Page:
Escape from Kabul: the story of a government official

“We were on the flight from Tashkent to Germany when the explosion happened,” he said. “When we heard the news, there wasn’t a single person who hadn’t cracked. We thought of the families we were sitting with at Abbey Gate. I can only hope they are alive and have not perished. It’s a guilt that I find it hard to get away from. “

Those who remain

Ahmed’s family was one of the lucky few to have access to the evacuation. Countless other people at risk have not been offered a similar chance. Some have since been killed or captured by the Taliban; others are still stuck in the country, or risk their lives to find ways out.

The murder of four suspected kidnappers in Herat on September 25 has heightened fears among those who remained there. They were shot and their bodies hanged in public places in broad daylight. Morteza Samadi, 21 photojournalist, was arrested by the Taliban more than three weeks ago while covering women’s protests in the same city. On the evening of September 30, he was finally released and is resting at home, his brother Mostafa Samadi told the media.

Fears are growing among activists and others at risk who have requested the evacuation and have yet to receive a response. openDemocracy spoke to one, who applied in multiple countries, but did not receive a response. With the borders now closed, he sent a video to openDemocracy from his hiding place, which shows his house burned down, allegedly by the Taliban. With increasing violence against activists, those involved desperately want to be evacuated as quickly as possible.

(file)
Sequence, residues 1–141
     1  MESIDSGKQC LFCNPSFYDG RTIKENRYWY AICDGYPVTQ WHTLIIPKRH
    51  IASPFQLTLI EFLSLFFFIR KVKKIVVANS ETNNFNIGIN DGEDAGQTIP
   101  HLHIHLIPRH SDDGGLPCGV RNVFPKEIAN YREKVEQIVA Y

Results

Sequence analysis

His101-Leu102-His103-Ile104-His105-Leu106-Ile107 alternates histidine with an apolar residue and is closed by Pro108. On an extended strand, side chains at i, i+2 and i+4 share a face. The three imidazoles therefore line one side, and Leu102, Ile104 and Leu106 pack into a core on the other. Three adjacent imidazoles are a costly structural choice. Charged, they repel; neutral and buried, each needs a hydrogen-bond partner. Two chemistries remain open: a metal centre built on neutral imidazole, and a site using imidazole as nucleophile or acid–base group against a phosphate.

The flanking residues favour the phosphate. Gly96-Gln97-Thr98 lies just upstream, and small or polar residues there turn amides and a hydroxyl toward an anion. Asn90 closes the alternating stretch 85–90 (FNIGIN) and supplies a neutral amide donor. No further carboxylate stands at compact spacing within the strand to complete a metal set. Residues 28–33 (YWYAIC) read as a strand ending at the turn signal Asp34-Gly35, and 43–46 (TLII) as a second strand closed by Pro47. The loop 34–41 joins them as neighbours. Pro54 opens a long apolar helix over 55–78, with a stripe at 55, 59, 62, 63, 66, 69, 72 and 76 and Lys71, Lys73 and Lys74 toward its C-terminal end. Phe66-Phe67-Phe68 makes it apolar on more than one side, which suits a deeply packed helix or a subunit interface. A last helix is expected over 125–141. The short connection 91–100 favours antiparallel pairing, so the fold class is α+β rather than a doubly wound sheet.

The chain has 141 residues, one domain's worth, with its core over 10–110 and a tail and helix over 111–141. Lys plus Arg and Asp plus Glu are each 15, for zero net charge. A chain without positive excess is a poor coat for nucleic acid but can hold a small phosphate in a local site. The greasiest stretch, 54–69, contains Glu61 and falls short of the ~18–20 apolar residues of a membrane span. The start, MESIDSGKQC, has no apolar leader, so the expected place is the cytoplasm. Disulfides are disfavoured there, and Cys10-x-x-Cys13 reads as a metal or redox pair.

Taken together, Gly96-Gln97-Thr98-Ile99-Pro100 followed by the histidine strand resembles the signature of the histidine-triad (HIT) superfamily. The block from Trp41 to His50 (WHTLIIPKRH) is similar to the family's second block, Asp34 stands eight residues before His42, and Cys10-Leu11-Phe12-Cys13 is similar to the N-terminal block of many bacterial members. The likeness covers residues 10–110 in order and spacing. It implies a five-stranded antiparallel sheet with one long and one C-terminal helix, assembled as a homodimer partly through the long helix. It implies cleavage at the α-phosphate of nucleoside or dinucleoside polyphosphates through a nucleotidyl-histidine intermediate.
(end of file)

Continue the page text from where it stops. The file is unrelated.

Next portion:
According to The United Nations, around half a million Afghans are expected to flee the country by the end of the year. This number is in addition to the 2.2 million refugees who have found refuge in neighboring countries – mainly Iran and Pakistan.

Analysts have warned that the influx Afghan refugees could intensify the populist backlash – especially in Europe. French President Emmanuel Macron’s remarks on August 16 drew criticism when he noted that Europe must “protect itself from the large waves of illegal migrants” from Afghanistan. The recent German election campaign was also fraught with pitfalls comments senior politicians who have warned that the “2015 Syrian refugee crisis” should not be repeated.

In the United States, senators expressed worry on “reports that ineligible individuals, including Afghans with links to terrorist organizations or serious and violent criminals, have been evacuated alongside innocent refugee families.”

With the belated response from the Western world and the growing human rights crisis in Afghanistan, those who remain face growing threats with each passing day. Meanwhile, several residents of Kabul have told openDemocracy that clean water, food and medical aid will soon become scarce, and families use limited resources with care.

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